Ever confused by knitting pattern instructions? Learn what to do when you see cast off & bind off in knitting patterns, what’s the difference?
So, if you’re here, chances are that you came across a term in a knitting pattern that you didn’t understand and that pattern either told you to “cast off” or “bind off”
Well, in basic terms, both cast off and bind off are terms that refer to how to secure your live stitches along the edge. Basically, it’s how you stop knitting and finish the edge of your knitting project.
Knitting, unlike crochet has an entire row or round of live stitches. This means that if you just pulled your knitting needles out and didn’t do anything else, all of the stitches would unravel and all of your hard work would be lost.
There are a lot of methods for finishing your knitting project but that will be confusing if you’re not sure what cast off vs. bind off means!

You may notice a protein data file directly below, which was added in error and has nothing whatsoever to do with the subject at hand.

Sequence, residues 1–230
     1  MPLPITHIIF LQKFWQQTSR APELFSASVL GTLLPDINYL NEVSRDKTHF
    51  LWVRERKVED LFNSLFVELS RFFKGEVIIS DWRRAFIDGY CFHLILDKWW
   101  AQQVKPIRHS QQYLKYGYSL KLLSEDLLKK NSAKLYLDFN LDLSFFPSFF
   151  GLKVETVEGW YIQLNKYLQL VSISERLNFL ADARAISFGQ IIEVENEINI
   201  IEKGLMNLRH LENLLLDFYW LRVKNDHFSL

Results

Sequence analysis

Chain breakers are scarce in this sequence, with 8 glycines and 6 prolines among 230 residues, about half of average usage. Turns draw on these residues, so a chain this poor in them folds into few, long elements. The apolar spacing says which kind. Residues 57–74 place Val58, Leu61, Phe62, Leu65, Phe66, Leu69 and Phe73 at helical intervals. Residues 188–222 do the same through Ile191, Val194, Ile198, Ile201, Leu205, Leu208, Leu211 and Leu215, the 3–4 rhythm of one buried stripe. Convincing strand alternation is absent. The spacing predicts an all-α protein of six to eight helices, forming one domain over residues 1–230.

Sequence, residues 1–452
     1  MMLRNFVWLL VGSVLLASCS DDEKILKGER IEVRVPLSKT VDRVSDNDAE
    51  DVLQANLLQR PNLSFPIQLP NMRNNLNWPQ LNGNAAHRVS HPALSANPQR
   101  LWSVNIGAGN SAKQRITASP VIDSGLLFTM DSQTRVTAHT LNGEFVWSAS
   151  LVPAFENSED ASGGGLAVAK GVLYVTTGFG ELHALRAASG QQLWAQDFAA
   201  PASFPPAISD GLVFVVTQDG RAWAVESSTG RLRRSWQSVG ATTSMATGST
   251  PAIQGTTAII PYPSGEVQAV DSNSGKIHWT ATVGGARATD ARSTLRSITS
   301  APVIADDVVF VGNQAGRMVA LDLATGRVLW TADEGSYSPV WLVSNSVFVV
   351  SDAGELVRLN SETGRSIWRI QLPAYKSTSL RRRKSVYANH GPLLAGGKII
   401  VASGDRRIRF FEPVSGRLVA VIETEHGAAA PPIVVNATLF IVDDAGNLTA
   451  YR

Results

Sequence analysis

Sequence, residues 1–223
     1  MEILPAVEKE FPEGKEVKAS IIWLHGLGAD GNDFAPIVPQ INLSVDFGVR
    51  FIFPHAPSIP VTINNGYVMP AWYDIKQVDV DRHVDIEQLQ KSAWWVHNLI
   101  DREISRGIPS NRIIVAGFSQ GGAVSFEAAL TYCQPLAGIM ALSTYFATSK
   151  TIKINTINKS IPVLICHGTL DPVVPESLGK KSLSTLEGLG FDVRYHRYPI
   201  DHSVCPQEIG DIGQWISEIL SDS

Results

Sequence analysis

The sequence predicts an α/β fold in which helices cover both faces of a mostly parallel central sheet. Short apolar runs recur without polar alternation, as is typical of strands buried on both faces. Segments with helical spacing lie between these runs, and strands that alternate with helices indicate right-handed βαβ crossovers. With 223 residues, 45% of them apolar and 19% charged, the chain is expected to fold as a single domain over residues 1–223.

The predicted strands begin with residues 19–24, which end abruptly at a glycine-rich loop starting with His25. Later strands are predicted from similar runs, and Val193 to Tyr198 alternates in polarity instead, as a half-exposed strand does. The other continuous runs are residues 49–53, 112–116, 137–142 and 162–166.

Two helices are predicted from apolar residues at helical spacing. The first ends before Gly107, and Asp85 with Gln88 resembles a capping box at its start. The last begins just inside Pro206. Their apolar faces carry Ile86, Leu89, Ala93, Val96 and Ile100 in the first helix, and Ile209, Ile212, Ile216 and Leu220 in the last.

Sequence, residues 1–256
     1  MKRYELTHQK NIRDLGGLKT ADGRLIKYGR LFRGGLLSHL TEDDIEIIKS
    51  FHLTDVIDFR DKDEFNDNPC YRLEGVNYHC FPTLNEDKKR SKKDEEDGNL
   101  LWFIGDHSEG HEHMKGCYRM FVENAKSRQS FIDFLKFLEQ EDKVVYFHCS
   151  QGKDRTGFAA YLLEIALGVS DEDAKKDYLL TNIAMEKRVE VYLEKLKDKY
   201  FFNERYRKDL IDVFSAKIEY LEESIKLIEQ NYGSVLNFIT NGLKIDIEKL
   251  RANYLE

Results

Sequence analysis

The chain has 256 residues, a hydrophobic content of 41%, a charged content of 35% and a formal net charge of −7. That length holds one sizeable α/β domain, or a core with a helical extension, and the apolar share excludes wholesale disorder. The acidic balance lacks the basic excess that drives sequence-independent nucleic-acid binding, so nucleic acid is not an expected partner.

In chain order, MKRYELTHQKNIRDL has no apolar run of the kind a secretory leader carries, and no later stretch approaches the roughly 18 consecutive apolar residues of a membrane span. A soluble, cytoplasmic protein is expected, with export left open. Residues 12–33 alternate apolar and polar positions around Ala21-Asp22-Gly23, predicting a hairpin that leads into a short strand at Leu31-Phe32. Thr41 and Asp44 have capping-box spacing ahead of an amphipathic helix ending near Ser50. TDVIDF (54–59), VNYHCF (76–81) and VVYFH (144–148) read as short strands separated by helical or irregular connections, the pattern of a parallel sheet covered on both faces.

What is the difference between cast off & bind off?
So, who here is an American fan of Harry Potter? Or Paddington Bear? Maybe you have a thing for Sherlock Holmes or you’re super into what’s going on with Meghan & Harry?
OR maybe you live in the UK and love American movies or TV shows or Percy Jackson or Ramona Quimby?
If you fit into either one of those categories then there is NO surprise that you’re reading this post. Because…are you ready….?
The difference between cast off vs. bind off is simply a difference in UK vs. American knitting terminology. They’re the same thing!
It’s like loo vs. bathroom, football vs. soccer, or trousers vs. pants.
In the US we generally say “bind off” to refer to finishing the edge of a knitting project, while in the UK, they generally say “cast off”. Whichever term your pattern uses, the technique is exactly the same!
I must have learned to knit from a British book because I totally use the term “cast off” much more frequently. Or maybe I just think it makes more sense since we also “cast on”?
Anyway, that should demystify cast off vs. bind off for you! I am always so interested to learn alternate knitting terms, do you know any others (for example, when we talk about US yarn weights vs. ply)? Anything else you say differently where you live?
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